Having been extinguished, a candle can be relit from the resulting trail of smoke, even from meters away.

However despite this apparently high level of heat, paper, bystanders, etc… are never significantly affected.

So what causes the wick to reignite without a transfer of heat being a danger to other objects.

for example: https://youtu.be/7hG7Mbkj2AQ

  • 1
    $\begingroup$ Is this what you are referring to? huffpost.com/entry/relight-candle-smoke_n_7298012 $\endgroup$
    – Bob D
    Apr 14, 2021 at 20:22
  • 1
    $\begingroup$ Can you put any more about why the smoke relight might be dangerous from an "apparently high level of heat" when presumably the burning candle does not? I would otherwise assume that they might be somewhat similar in heat production. $\endgroup$
    – BowlOfRed
    Apr 14, 2021 at 20:22
  • 1
    $\begingroup$ That video makes it much more clear what OP is asking about. The question could be greatly clarified. The wording makes it sound like you can wave the candle in its own smoke trail and have it relight. $\endgroup$
    – DKNguyen
    Apr 14, 2021 at 20:27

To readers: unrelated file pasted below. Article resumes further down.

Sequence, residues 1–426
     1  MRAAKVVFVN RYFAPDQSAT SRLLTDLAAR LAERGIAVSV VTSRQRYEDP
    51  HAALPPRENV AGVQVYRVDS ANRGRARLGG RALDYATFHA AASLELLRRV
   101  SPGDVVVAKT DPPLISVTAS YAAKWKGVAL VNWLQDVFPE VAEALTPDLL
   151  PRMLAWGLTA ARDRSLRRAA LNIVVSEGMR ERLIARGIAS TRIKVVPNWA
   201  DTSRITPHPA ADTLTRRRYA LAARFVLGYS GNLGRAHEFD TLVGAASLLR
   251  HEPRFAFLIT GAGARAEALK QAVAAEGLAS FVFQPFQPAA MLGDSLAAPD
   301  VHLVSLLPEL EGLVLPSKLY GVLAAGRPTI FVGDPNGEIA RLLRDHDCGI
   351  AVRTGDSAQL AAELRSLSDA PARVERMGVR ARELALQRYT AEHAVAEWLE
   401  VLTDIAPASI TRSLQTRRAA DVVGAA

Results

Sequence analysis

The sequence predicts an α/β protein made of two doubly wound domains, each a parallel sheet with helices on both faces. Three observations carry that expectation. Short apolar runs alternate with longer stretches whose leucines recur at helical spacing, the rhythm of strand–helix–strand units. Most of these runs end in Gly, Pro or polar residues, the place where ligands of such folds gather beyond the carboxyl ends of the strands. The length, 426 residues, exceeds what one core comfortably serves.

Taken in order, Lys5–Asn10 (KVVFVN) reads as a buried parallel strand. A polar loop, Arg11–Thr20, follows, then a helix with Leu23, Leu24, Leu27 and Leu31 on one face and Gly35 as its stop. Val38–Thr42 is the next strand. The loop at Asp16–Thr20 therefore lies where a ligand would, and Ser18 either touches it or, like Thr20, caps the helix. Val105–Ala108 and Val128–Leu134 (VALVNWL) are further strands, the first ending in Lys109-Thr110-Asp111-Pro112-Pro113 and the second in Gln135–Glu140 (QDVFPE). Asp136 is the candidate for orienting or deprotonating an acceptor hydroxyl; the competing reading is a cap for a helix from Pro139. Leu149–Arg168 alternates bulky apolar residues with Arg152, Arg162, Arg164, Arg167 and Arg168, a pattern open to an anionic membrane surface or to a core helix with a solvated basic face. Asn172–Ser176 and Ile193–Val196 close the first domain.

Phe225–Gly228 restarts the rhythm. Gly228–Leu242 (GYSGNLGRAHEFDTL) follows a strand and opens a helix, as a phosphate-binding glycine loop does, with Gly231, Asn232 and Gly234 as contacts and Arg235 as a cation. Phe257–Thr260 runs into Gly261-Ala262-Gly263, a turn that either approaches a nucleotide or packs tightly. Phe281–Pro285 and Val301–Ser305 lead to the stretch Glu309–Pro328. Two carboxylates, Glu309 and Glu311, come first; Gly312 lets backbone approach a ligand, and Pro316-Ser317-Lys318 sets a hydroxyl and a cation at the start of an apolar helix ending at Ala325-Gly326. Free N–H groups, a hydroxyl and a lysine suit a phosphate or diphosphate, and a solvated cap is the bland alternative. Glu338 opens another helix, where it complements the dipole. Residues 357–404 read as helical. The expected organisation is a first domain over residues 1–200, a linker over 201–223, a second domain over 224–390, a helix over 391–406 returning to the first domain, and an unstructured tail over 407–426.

• $\begingroup$ That video is great, I've never noticed how there is such a wave of flame, or how it's that bright, thank you. :) You can use any flame, from a fair distance if the smoke doesn't spread out too much, and thankfully it tends to spread out in strands. It's knowledge an older family member got from his close family, as well as various popular science videos and articles on the subject. $\endgroup$
    – alan2here
    Apr 14, 2021 at 20:40

1 Answer 1


When a candle is lit, the smoke has some wax content that can be lit. This is why you can quickly relight the candle by putting a match against this smoke. However, the rest of the air does not have any wax content, so will not be lit by the match's flame. Also, the smoke is only lit on fire for a very short amount of time, so even if your fingers were close to the smoke, you wouldn't even register any heat.

  • 2
    $\begingroup$ This is right. As a tangent to the last part of the question, the wax, not the wick, is the primary fuel when the candle is burning normally too. If it were just the wick, the end would burn up and be gone very quickly. $\endgroup$
    – Brick
    Apr 14, 2021 at 20:28

Your Answer

By clicking “Post Your Answer”, you agree to our terms of service and acknowledge that you have read and understand our privacy policy and code of conduct.

Not the answer you're looking for? Browse other questions tagged or ask your own question.